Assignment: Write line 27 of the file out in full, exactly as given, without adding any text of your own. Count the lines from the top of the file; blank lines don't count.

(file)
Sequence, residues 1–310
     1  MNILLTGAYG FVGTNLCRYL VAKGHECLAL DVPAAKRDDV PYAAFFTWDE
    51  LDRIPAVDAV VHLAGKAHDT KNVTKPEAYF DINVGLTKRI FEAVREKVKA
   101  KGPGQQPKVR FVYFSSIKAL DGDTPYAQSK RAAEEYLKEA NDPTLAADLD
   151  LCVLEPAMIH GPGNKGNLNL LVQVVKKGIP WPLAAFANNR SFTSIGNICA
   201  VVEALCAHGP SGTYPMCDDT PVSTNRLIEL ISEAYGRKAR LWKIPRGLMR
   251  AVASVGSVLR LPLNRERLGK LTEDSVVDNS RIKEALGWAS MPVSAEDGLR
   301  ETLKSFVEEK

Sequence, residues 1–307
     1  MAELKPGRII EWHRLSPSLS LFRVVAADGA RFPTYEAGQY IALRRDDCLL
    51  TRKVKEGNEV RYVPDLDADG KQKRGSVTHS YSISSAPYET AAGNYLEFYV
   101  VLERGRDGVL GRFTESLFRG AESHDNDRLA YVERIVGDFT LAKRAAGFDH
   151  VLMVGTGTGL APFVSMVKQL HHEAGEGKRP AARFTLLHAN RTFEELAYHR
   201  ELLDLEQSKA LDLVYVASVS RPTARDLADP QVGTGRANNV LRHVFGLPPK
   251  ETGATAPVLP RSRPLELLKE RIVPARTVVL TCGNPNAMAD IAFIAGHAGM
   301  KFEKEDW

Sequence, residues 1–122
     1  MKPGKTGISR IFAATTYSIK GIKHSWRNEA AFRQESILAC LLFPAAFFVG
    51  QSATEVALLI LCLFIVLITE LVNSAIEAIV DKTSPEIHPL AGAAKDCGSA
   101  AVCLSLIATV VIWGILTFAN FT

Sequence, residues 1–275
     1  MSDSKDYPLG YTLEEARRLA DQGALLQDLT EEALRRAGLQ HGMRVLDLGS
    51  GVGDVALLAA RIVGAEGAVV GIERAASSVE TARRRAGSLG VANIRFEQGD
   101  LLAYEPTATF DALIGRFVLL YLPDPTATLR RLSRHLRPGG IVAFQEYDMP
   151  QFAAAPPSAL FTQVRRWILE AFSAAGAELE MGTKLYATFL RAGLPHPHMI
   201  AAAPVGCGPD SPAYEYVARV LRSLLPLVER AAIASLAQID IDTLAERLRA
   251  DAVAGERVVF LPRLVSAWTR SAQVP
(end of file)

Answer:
   251  DAVAGERVVF LPRLVSAWTR SAQVP